AUGUST 14, 2014
The Myth of Alternative Care, Growth of Complex Care


When we get sick, it is natural to hope for a cure, no matter how farfetched. Increasingly over the last few decades, patients are looking for answers outside of conventional medicine.

This desire, however, can lead some vulnerable patients to abandon mainstream treatments for alternative therapies. Although very few patients actually do so—less than 4%, by some estimates—those who choose this path put their health in further jeopardy.

2006 study in the American Journal of Surgery found that breast cancer patients who refused or delayed conventional therapy—surgery, chemotherapy, and/or radiation therapy—and opted for an alternative treatment significantly increased their risk of a cancer recurrence and of dying from the disease. Of 11 patients who declined surgery, 10 developed more advanced disease. An additional nine out of 10 patients who refused chemotherapy or radiation therapy boosted their estimated 10-year mortality rate by almost 50% (from 17% to 25%), two developed local recurrences and two died from cancer.

“Alternative medicine is harmful,” said Steven Novella, MD, a neurologist and assistant professor at Yale University School of Medicine who is executive editor of the blog Science-Based Medicine. “If such alternatives were evidence-based at all, they would be considered medicine, not alternative medicine, and would be adopted into mainstream care.”

Although alternative medicine and complementary medicine are often lumped together, there is an important distinction. Complementary interventions are not touted as cancer treatments, rather they are meant to accompany mainstream care, offering patients a variety of ways to relieve pain, nausea, fatigue and anxiety.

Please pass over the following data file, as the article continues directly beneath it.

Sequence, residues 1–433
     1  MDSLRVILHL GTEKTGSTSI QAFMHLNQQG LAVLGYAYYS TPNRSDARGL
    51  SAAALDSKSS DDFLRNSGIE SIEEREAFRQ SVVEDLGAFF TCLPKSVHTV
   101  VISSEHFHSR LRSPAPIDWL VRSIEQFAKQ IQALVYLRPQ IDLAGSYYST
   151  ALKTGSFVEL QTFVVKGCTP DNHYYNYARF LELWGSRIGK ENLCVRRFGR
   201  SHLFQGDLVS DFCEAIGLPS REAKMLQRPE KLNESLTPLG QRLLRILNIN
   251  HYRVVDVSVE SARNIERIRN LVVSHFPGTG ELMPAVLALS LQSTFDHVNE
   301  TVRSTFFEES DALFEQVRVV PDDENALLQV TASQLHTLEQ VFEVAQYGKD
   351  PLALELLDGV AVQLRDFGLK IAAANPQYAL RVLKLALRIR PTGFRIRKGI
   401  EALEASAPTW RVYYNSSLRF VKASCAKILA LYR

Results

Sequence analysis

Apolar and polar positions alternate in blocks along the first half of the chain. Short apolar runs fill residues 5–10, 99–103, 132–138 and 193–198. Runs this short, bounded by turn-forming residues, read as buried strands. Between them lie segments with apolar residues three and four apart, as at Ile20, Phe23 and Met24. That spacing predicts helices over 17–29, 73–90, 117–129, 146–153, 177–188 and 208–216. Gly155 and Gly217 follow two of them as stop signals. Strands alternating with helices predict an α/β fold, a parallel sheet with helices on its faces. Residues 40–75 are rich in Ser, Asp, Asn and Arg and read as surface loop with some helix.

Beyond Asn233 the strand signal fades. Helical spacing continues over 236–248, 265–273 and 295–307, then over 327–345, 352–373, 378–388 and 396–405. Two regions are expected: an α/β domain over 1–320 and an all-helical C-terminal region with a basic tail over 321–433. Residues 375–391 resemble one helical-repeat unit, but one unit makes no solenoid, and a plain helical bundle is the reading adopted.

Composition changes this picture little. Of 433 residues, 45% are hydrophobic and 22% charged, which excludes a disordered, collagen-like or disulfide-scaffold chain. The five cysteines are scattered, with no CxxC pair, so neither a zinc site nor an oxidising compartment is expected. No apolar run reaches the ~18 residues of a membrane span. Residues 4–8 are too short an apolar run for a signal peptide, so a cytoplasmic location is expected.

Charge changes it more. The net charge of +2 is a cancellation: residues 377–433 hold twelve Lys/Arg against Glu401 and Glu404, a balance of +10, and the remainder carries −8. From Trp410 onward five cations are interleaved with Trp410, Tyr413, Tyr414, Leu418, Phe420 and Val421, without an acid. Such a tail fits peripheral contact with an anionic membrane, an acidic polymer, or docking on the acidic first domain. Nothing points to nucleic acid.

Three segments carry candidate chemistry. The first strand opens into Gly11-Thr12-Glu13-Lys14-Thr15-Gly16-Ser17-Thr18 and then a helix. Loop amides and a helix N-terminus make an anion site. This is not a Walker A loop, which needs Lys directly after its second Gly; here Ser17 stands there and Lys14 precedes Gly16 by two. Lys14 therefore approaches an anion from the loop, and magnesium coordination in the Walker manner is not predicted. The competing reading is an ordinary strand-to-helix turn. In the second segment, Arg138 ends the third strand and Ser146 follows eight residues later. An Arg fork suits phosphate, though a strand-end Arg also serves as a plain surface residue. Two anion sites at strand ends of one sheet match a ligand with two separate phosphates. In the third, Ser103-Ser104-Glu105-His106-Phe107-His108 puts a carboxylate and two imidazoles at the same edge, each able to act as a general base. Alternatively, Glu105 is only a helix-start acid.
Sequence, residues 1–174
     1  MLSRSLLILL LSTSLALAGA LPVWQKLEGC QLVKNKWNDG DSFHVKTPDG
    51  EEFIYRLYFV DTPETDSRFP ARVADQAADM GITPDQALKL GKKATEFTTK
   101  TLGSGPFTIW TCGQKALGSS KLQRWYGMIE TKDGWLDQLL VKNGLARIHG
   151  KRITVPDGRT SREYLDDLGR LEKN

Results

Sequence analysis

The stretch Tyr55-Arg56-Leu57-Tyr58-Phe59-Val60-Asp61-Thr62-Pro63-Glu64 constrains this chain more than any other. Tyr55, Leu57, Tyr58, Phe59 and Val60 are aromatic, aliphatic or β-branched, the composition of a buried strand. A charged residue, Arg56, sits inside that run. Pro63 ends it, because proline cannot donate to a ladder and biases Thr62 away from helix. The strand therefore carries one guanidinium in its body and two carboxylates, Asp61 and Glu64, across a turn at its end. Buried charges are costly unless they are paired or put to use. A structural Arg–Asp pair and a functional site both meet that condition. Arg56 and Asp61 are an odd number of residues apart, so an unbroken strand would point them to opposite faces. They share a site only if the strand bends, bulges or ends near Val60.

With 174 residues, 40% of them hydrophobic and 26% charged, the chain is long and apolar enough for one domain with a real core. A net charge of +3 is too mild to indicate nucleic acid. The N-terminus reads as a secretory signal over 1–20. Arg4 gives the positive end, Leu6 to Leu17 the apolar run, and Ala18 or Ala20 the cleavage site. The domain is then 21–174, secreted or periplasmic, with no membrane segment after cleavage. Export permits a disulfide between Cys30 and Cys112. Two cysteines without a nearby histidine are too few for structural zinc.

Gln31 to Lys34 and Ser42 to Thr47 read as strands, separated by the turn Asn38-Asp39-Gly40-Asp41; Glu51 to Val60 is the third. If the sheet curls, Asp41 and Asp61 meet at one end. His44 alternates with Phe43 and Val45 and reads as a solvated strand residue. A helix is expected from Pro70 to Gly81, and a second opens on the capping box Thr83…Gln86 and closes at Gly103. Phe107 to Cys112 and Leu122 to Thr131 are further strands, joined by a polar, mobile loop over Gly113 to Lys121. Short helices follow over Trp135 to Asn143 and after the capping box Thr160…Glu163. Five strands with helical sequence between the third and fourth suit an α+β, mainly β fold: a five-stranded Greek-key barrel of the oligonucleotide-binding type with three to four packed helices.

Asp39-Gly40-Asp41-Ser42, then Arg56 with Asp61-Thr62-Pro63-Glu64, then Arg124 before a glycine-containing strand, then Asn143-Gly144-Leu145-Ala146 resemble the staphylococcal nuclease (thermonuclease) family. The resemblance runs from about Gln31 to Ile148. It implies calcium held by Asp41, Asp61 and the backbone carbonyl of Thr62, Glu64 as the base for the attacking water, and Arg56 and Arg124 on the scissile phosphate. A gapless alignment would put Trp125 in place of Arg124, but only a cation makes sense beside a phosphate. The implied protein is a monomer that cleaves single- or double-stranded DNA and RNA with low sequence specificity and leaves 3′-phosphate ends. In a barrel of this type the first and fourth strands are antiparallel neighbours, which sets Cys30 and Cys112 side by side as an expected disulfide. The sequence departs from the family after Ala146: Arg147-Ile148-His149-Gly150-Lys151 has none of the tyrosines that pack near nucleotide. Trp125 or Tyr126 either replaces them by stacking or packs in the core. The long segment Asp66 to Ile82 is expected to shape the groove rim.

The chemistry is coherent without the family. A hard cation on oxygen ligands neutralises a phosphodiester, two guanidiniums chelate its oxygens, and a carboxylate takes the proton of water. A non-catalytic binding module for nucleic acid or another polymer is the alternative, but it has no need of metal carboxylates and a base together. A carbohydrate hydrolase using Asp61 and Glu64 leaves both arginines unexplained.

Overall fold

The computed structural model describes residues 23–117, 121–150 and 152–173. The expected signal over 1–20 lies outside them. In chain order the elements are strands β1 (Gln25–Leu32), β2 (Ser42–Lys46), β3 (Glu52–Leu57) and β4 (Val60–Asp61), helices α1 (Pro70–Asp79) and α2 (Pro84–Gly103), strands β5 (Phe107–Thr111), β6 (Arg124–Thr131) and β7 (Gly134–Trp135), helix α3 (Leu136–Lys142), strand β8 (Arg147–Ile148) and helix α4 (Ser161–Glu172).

“Complementary interventions are designed to make patients feel better and improve quality of life, not replace conventional medicine,” Dr. Novella said.

Patients appear increasingly interested in integrating complementary modalities, such as meditation, acupuncture, massage and a range of diets, nutritional supplements and exercise regimens, into their mainstream treatments. 

To meet patients’ demands for more comprehensive care, integrative programs have been cropping up at leading cancer centers across the United States, including Memorial Sloan-Kettering Cancer Center in New York City, MD Anderson Cancer Center in Houston, and Dana-Farber Cancer Institute in Boston. These integrative oncology programs pair mainstream care with complementary interventions, with the goal of creating a comprehensive care package tailored to each patient’s disease severity and needs.

“Some patients have strong convictions and want to do more so it’s important for oncologists to understand each patient’s psychosocial background and find out what concerns lie beneath the surface,” said Gary Deng, MD, PhD, interim chief of Integrative Medicine at Memorial Sloan-Kettering Cancer Center, New York City. “By delving deeper, oncologists can foster trust with their patients and hopefully dissuade them from trying complementary or alternative interventions that may be harmful.”